Nothing about the phrase “theft by deception” sounds good. But what is it really? And is it a serious crime?
Theft by deception is when someone takes another person’s property under false pretenses. This could be by stealing someone’s social security number and taking loans out. Or it could be convincing people to pay you for legal advice when you’re not really a lawyer.
Usually, theft by deception isn’t limited to a one-time thing. Most people charged with this crime have performed their scam multiple times. It often takes a while for their victims to even realize what’s going on.
Even though it doesn’t sound as serious as some other crimes, like murder or robbery, theft by deception is a serious crime. And, depending on how much property you took, you could be charged with either a misdemeanor or a felony.
If you’re charged with theft by deception, you really need to call a criminal defense lawyer in Connecticut.
How Does the State Prove Theft by Deception?
Just because you’re charged with a crime doesn’t mean you’ll be found guilty. The State still has to prove the elements of the crime. Your Connecticut criminal defense attorney will work hard to offer a defense that keeps you out of jail.
In order to be convicted of theft by deception, the State must prove a minimum of four (4) things:
- You somehow obtained the property in question
- You obtained this property by deception
- You intended to purposely deceive the victim
- You enjoyed a monetary gain of some sort
Each of these elements can be difficult to prove. They can also be difficult to disprove. Depending on the circumstances, your lawyer may have a difficult time getting the charges dismissed or reduced.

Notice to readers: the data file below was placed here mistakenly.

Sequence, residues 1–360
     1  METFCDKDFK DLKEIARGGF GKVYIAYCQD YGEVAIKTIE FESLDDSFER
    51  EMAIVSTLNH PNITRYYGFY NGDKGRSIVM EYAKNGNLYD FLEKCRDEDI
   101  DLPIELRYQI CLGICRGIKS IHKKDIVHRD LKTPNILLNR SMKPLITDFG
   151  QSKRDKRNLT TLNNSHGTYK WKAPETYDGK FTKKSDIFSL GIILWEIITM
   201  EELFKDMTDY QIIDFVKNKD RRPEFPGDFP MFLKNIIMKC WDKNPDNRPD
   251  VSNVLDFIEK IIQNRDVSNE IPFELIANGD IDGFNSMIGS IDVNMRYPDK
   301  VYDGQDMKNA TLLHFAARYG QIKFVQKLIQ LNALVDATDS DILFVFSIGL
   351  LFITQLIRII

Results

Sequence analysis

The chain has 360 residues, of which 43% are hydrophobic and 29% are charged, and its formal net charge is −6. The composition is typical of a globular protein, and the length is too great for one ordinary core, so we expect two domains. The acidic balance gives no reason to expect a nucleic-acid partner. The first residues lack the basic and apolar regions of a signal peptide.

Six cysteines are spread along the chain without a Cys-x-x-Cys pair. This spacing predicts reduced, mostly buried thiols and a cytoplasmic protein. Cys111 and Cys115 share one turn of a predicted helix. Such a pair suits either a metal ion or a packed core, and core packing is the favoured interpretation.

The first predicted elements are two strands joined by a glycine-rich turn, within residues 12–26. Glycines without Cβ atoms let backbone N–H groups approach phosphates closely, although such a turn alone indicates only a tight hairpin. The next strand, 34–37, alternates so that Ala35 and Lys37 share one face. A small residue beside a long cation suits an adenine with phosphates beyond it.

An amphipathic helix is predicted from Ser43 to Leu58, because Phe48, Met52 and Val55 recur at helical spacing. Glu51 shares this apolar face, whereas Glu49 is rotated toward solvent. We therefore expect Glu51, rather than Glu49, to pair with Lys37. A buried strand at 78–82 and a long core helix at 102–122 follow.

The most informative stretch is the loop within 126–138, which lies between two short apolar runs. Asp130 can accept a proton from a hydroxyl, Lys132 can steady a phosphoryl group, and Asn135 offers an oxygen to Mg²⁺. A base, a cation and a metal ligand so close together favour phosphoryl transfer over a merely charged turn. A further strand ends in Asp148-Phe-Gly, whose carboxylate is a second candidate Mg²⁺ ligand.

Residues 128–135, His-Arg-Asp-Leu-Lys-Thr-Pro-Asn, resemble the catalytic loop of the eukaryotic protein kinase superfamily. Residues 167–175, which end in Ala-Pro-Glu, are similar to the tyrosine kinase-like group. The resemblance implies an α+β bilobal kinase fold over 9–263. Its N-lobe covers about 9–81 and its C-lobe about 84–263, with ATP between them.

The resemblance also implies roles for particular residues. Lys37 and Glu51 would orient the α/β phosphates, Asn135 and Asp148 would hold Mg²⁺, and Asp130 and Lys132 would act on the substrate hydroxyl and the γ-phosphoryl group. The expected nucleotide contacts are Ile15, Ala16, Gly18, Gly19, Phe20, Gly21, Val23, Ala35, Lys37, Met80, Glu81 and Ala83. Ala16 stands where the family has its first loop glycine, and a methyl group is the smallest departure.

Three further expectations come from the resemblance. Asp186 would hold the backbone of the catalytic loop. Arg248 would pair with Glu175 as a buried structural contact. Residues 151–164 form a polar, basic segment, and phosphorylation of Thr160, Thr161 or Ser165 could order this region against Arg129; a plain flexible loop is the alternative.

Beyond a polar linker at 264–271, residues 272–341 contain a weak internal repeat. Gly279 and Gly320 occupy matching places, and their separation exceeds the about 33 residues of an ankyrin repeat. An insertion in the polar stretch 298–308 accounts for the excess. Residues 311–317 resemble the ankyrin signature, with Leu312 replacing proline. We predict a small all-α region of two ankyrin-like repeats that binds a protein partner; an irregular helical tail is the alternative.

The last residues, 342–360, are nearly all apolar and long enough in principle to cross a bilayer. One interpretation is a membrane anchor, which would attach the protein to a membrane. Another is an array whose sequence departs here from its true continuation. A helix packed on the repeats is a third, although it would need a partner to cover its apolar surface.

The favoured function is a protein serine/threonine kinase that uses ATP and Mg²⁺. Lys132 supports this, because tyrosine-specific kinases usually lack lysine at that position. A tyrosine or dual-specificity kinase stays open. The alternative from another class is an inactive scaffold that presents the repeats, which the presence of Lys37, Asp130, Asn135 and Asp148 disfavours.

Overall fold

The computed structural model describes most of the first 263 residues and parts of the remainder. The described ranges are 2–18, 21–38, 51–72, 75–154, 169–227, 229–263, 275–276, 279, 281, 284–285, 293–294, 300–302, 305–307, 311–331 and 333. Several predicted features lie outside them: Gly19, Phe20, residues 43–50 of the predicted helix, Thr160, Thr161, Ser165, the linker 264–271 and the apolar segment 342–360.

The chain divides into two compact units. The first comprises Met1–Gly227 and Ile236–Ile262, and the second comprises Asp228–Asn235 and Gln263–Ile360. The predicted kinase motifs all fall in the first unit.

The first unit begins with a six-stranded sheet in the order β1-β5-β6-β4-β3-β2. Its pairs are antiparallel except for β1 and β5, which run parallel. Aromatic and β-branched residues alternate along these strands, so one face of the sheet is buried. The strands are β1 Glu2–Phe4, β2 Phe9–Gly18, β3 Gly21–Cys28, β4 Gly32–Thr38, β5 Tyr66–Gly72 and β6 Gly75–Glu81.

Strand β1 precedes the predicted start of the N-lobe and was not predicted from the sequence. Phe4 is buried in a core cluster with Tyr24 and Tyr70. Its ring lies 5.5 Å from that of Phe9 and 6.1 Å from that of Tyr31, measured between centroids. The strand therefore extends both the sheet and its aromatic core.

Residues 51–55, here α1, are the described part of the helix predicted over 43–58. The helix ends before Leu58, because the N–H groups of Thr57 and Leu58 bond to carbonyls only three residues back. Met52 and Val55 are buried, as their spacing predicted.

Did you Obtain the Property in Question?
The State has to prove that, at some point, you obtained the property that is the subject of the crime. This could be money or physical property. It could even be information, if that information has value. If you’re caught with this property in possession, the prosecutor will have met their burden.
Did you obtain this property by deception?
This question is a bit harder to answer. The State’s definition of deception may be different from yours. It will come down to who the jury believes.
Did you intend to deceive the victim?
Intent is difficult to prove. Nobody can be in your head at the time of the alleged crime. But intent can also be proved using physical evidence. For example, the State may introduce text messages, emails or voicemails between you and the victim. Make sure you’re upfront about this information with your criminal lawyer in Connecticut. Don’t put him in a position to be blindsided down the road.
Did you enjoy a monetary gain?
If the property was worthless, chances are, the victim wouldn’t have reported it as a crime. So, the jury is going to presume that whatever was stolen was valuable. This could be something that’s only worth a few dollars or it could be something valuable. Keep in mind – the value of the stolen property can determine whether you’re charged with a misdemeanor or a felony.
What are the Defenses to Theft by Deception?
Almost all crimes have defenses. Otherwise, we wouldn’t have a court system. Everyone charged with a crime would just be found guilty from the start. That means there are defenses to theft by deception.
In order to get your charges reduced or dismissed, your Connecticut defense lawyer needs to introduce a valid defense. Some of the possible defenses to your charges include:
- You never had possession or control of the property
- You did not deceive the victim in any way
- The property had no value
- The victim gave you the property
- You legitimately purchased the property
- Mistaken identity
Your defense depends on your specific case. Every case is different. Your lawyer will have to review your case to see which defenses may be available.
Contact a Criminal Defense Lawyer in Connecticut Today
If you or your family member has been charged with theft by deception, you need to call a criminal lawyer. You don’t want these criminal charges hanging over your head. You also don’t want to face any jail time, fines or probation.
Call and speak with an experienced Connecticut criminal lawyer today. He can answer any questions you may have. He can also let you know what possible consequences you’re facing.